The disagreement in the UN is really only about how it is to be applied in the hardest of cases. Given the nature of the issues involved, that’s not unexpected  – and it can certainly be assumed that only in the most extreme and exceptional cases will coercive military intervention be authorized by the Security Council .

What is much better now understood by policymakers now around the world – even if they are not always acting accordingly – is that if the Security Council does not find a way of genuinely cooperating to resolve these cases, working within the nuanced and multidimensional framework of the R2P principle, the alternative is a return to the bad old days of Rwanda, Srebrenica and Kosovo. And that means either total, disastrous, inaction in the face of mass atrocity crimes, or action being taken to stop them without authorization by the Security Council, in defiance of the UN Charter and every principle of a rule based international order.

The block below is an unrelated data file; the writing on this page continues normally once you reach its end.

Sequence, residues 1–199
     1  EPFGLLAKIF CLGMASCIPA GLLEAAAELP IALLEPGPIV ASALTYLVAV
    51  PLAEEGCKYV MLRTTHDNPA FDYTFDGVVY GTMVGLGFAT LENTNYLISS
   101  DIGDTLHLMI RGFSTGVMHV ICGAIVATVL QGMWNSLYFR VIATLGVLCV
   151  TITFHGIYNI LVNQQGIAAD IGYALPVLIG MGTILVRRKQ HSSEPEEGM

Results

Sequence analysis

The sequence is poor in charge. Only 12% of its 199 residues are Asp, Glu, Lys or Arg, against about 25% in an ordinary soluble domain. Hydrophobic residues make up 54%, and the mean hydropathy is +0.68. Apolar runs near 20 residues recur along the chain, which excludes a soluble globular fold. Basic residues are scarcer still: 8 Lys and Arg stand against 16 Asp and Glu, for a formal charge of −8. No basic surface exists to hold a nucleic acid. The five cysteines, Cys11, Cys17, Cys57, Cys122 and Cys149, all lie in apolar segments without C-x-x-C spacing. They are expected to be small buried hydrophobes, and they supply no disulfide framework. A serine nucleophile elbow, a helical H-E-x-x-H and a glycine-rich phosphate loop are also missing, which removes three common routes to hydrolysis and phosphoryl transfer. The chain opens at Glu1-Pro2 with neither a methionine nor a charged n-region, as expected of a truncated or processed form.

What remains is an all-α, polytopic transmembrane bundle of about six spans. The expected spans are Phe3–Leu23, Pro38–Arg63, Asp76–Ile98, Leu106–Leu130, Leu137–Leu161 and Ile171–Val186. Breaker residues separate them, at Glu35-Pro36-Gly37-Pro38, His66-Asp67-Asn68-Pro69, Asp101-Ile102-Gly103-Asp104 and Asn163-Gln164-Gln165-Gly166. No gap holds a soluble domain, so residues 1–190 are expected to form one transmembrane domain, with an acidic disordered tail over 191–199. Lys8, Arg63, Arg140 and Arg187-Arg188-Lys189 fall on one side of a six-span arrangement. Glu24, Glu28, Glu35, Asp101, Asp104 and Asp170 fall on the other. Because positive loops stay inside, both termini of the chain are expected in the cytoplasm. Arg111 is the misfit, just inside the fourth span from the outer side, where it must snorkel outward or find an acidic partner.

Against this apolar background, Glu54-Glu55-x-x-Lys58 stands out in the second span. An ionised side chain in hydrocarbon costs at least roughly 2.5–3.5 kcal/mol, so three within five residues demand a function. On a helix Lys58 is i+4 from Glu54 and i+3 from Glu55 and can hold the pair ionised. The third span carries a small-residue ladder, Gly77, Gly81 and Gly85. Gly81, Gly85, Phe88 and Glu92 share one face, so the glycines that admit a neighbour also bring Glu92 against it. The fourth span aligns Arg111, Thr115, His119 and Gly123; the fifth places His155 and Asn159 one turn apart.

After all that has been achieved in the last decade, that would be heartbreaking. Being the congenital optimist that I am, I believe it won’t happen, and that sanity and decency will prevail. But all of those of us who care are going to have to work very hard to ensure that it does.